5 Minute Listening: Enjoy your food again

  • Two chefs talk about their new cookbook which aims to help  those experiencing a loss of taste and smell due to Covid-19.
  • Listen to the audio and answer the questions.
Doris Wai |

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Listen to the audio here


Lee Hae-won: Loss of taste and smell is one of the persisting symptoms for Covid-19 patients. Now, a new cookbook aims to help those people enjoy food again. Taste and Flavour features 18 recipes and is now available for free digital download. Today, we have with us the authors of the cookbook, chefs Rachel and Kimberley. Hi chefs!

Rachel and Kimberley: Hi Hae-won!

Lee Hae-won: Could you tell us more about Taste and Flavour? 

Rachel: Sure. Kimberley and I spent months formulating the recipes. They are designed specifically for those experiencing a loss of taste and smell due to Covid-19.

Kimberley: We started this book project after finding out from a doctor friend that around 10 per cent of people who become infected with Covid-19 become long-haulers, meaning they have symptoms that last for months, and for some, indefinitely.

Lee Hae-won: Right. Several studies have shown that while some regain their smell and taste within a couple of weeks, the symptoms have persisted for many without improvement.

Rachel: Indeed. Some Covid-19 long-haulers have anosmia, a loss of smell or taste, while others suffer from parosmia, a distorted sense of smell. And so, we decided to put our experience running a cooking school for cancer patients experiencing taste loss to good use.

Lee Hae-won: Could you tell us more about the science behind this?

Kimberley: It’s quite simple, really. Smell makes up 80 per cent of our taste and so the two senses are intertwined. With this in mind, we created recipes that involved heightening certain flavors while avoiding others.

Lee Hae-won: That’s fascinating. What are some examples of such flavours?

Rachel: We focused on intense savoury flavours like soy sauce, miso, parmesan, and mushrooms, and tried to touch on all five basic tastes – sweet, sour, salty, bitter, and umami – and stimulate all the senses.

Kimberley: We also avoided coffee, which can smell like sewage to some people with parosmia. The same goes for foods like onion, garlic, eggs, roasted meat, and nuts. They can smell repulsive, almost like rotting flesh to these individuals.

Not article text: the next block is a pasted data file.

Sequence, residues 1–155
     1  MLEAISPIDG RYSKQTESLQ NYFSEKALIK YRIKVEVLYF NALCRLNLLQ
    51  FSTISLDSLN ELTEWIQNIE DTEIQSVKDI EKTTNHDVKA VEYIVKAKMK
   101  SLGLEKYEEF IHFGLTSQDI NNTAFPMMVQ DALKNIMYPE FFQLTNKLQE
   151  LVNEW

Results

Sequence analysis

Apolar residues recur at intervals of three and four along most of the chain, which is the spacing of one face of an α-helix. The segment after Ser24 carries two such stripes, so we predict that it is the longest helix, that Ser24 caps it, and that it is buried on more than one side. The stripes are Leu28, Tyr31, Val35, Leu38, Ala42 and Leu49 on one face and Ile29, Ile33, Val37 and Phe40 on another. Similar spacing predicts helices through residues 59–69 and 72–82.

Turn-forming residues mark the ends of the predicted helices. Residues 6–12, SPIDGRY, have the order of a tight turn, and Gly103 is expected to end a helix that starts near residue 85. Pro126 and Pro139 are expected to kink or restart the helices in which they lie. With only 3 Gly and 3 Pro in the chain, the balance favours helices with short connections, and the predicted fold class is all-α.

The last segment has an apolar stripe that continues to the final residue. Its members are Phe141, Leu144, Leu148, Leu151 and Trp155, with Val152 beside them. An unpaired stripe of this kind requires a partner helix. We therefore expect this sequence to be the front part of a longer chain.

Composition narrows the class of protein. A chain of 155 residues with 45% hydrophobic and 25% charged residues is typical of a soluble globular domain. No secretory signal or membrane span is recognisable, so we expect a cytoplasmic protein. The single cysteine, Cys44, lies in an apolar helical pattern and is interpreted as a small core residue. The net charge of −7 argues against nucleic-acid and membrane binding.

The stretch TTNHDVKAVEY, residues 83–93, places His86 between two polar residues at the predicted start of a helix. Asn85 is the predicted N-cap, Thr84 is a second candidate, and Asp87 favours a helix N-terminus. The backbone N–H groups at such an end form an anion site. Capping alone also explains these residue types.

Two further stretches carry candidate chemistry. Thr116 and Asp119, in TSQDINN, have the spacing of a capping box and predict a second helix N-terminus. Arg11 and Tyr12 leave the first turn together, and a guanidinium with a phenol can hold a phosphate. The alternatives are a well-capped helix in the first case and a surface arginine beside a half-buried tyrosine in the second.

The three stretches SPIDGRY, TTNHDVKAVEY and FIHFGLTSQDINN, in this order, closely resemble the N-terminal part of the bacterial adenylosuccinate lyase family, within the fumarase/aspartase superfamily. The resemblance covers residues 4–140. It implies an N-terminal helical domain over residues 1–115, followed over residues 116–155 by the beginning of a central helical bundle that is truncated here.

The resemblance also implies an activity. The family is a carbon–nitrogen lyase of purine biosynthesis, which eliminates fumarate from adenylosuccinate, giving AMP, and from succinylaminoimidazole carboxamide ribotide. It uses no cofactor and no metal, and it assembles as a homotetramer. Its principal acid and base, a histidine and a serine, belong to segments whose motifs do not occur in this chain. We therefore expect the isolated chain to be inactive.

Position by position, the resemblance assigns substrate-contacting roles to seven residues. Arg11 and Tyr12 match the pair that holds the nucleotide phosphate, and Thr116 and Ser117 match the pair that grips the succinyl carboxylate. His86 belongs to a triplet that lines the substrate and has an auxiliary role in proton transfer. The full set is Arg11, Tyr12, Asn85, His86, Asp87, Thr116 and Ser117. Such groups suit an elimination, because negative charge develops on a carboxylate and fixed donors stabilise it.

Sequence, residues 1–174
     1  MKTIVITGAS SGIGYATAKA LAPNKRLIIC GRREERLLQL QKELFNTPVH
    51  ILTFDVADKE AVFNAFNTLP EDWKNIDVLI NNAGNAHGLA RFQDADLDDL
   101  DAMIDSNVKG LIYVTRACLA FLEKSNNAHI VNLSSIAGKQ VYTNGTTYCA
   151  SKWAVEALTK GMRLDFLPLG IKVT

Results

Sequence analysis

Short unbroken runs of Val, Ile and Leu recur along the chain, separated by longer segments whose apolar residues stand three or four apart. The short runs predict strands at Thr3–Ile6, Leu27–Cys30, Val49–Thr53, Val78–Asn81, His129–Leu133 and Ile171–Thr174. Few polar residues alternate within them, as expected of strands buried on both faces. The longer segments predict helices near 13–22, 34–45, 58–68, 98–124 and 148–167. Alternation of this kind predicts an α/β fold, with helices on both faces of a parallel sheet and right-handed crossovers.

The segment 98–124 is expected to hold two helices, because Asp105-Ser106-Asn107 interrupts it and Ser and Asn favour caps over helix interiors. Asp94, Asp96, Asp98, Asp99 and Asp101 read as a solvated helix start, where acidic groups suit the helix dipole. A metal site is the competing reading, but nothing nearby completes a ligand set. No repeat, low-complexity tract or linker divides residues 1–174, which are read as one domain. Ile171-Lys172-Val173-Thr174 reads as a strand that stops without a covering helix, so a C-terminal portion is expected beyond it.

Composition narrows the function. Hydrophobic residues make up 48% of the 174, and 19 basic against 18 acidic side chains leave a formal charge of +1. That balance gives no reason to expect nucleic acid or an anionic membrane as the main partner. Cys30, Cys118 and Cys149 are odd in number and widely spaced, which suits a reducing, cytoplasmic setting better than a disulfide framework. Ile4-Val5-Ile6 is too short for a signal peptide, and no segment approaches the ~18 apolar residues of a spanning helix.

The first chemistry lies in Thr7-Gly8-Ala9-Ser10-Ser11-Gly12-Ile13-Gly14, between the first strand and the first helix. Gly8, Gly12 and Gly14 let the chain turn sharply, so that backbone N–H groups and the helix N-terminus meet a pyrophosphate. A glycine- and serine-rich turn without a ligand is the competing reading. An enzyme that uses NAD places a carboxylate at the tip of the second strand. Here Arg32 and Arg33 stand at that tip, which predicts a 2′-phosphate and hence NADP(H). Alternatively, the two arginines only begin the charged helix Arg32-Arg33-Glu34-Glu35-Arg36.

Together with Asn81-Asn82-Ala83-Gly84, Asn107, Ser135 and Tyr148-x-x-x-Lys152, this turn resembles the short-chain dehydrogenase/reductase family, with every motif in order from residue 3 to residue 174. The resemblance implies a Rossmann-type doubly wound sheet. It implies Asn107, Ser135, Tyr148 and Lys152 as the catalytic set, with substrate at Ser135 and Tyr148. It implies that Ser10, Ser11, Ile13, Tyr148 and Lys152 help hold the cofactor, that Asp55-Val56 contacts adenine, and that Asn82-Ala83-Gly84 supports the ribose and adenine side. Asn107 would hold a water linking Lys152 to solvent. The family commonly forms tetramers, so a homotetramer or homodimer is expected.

Lee Hae-won: Wow. It must be quite hard to write a recipe without garlic and onions. They're the basis of flavour.

Kimberley: Yeah. We tested nearly 300 recipes to narrow them down to the 18 that made it into the book. 

Lee Hae-won: And what’s your favourite recipe in the cookbook?

Kimberley and Rachel (in unison): Miso butter potatoes! (laughs)

Lee Hae-won: Haha! That sounds delicious!

Rachel: I think this is the perfect recipe in the sense that the potatoes have a strong buttery taste and are umami-rich with miso. The green chili adds crunch for texture, while the vinegar sets off the sour receptor.

Kimberley: Even though it seems like a simple recipe, it's actually designed to stimulate all of the senses and the different taste buds.

Lee Hae-won: Sounds like an amazing comfort dish to enjoy, Covid-19 long-haulers or not! The reception toTaste and Flavour  has been incredible, and the book has been downloaded more than a million times since it was published last week. Thanks for your time, chefs Rachel and Kimberly, and I can’t wait to try out all the recipes in the cookbook.

Kimberley and Rachel: You’re welcome!


1.   B

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3.   D

4.   D

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8.   A

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10. C

11. D

12. A

13. D

14. A

15. C

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